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Zika: Awareness is the best repellent

About a year ago, I finished writing a book of fiction, called “BUZZ.” I wanted to see if I could write a thriller.

I tried to think of something in real life that people were already afraid of. (That seemed to have worked for “Jaws.”) So I thought about it a lot and finally came up with mosquitoes. Not the mosquitoes that we’re all familiar with — but rather mosquitoes that had been infected by a poisonous substance, and therefore caused hideous harm to the victims they bite.

David Lebedoff

As I say, this was pure fiction — then.

But now something terrible has happened. I’d never heard of it when writing the book, but the Zika virus has now emerged as a very serious threat — and it is spread by a mosquito bite, with ghastly results. If the victim is a pregnant woman, she may go on to bear a child with microcephaly — a disease whose most obvious symptom is infants born with abnormally small heads. There is substantial risk of brain damage, and other very serious medical problems.

Already, in Brazil — which this week confirmed 641 confirmed cases of microcephaly since Oct. 22 — this disease is suspected of having marred the lives of more than 4,000 babies. In El Salvador the results are so horrible that the government has urged women not to have babies for the next two years! The pope recently suggested that church prohibitions on some birth control methods may be suspended because of this crisis.

And the Zika virus is not confined to South and Central America. It will soon be coming here. The mosquitoes that carry Zika are the same type, Aedes aegypti, that infest the Gulf states in warmer weather. The mosquitoes found in Minnesota are not of this type, but there is the possibility that they could become carriers as well.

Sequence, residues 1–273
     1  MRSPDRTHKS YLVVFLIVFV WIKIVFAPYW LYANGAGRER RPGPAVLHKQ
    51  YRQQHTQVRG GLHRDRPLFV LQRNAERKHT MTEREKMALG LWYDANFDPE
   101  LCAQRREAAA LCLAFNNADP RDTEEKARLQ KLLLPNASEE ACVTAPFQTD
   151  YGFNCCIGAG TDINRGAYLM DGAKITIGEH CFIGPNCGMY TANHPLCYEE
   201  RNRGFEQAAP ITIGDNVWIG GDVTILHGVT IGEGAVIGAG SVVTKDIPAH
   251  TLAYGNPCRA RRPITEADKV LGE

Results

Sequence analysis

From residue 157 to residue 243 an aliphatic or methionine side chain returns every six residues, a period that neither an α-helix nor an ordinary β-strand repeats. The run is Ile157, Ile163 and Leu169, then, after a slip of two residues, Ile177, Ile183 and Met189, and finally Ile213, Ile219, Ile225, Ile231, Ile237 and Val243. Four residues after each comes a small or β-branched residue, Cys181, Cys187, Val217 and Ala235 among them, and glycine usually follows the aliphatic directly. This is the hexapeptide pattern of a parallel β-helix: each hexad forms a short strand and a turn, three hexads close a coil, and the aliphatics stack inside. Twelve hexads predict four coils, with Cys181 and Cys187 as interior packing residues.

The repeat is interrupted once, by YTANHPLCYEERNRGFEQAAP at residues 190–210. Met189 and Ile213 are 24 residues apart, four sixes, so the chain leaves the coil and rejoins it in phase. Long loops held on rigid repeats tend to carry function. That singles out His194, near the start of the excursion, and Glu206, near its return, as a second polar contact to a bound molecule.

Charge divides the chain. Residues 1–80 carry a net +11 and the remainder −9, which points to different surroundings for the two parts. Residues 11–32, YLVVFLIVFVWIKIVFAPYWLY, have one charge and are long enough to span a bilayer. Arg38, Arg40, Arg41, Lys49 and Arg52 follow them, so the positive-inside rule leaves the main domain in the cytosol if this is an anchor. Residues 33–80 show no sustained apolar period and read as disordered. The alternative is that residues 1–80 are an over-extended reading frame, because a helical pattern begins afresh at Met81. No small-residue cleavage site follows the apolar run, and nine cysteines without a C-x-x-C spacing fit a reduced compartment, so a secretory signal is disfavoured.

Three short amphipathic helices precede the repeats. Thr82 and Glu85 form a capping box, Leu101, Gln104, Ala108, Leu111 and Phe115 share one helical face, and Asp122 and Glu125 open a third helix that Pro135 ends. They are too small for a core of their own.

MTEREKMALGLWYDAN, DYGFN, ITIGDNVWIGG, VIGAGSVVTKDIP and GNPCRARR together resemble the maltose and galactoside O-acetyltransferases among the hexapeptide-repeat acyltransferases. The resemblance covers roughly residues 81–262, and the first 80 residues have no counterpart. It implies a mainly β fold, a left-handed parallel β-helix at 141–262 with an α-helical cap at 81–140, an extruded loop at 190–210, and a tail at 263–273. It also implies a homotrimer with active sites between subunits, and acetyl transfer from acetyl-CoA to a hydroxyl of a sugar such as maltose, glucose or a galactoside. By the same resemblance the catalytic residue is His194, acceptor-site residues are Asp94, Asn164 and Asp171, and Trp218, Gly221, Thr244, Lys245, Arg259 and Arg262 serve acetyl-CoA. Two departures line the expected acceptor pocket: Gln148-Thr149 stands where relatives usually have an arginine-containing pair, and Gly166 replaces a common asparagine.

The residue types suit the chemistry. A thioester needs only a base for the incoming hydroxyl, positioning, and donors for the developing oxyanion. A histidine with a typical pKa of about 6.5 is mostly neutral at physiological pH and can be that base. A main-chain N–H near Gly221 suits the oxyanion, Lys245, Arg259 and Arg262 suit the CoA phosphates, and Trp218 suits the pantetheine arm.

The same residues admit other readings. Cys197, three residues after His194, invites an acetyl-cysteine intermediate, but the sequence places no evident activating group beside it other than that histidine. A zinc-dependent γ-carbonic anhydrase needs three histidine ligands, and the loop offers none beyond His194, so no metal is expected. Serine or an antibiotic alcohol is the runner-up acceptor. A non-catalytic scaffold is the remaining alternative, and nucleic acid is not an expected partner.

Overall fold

There is much that we can do to protect pregnant women from this menace. There are things we should know, and know now. We’re already been warned by our own and international health groups of some wise precautions — repellents, protective clothing, the draining of standing water in which mosquito larvae lurk.

But we haven’t been told a particularly alarming fact — that when mosquitoes set out to draw blood from a human being in order to help fertilize their own eggs, their preferred target for biting, and much preferred, is pregnant women. They are twice as likely to be bitten as other women, research indicates. So those at greatest risk are also the most sought after. And the Zika damage is believed to occur in the first trimester of pregnancy — during much of which some women may not even know that they are pregnant. So the danger will be felt by most women of child-bearing age.

Women who are or think that they could be pregnant should take extraordinary precautions when the Zika mosquitoes arrive. It isn’t enough to wear protective clothing — one should know whether the garments should be dark or light in color. (Light: Mosquitoes are attracted to dark colors.)

I heard a spokesman for the National Institutes of Health minimize the danger of Zika in this country, because, he said, most people here have air conditioning and screens. Indeed we do, but we still get bitten by mosquitoes. And not only outdoors.

Tragically, by midsummer the major story in our country may not be the presidential election. The worst effects of the coming plague can be avoided — but awareness is the best repellent, and the time to start preparing is right now.

So stop praying that the snow melts quickly. Something far worse is going to follow it.

David Lebedoff, of Minneapolis, is the author of “BUZZ.”


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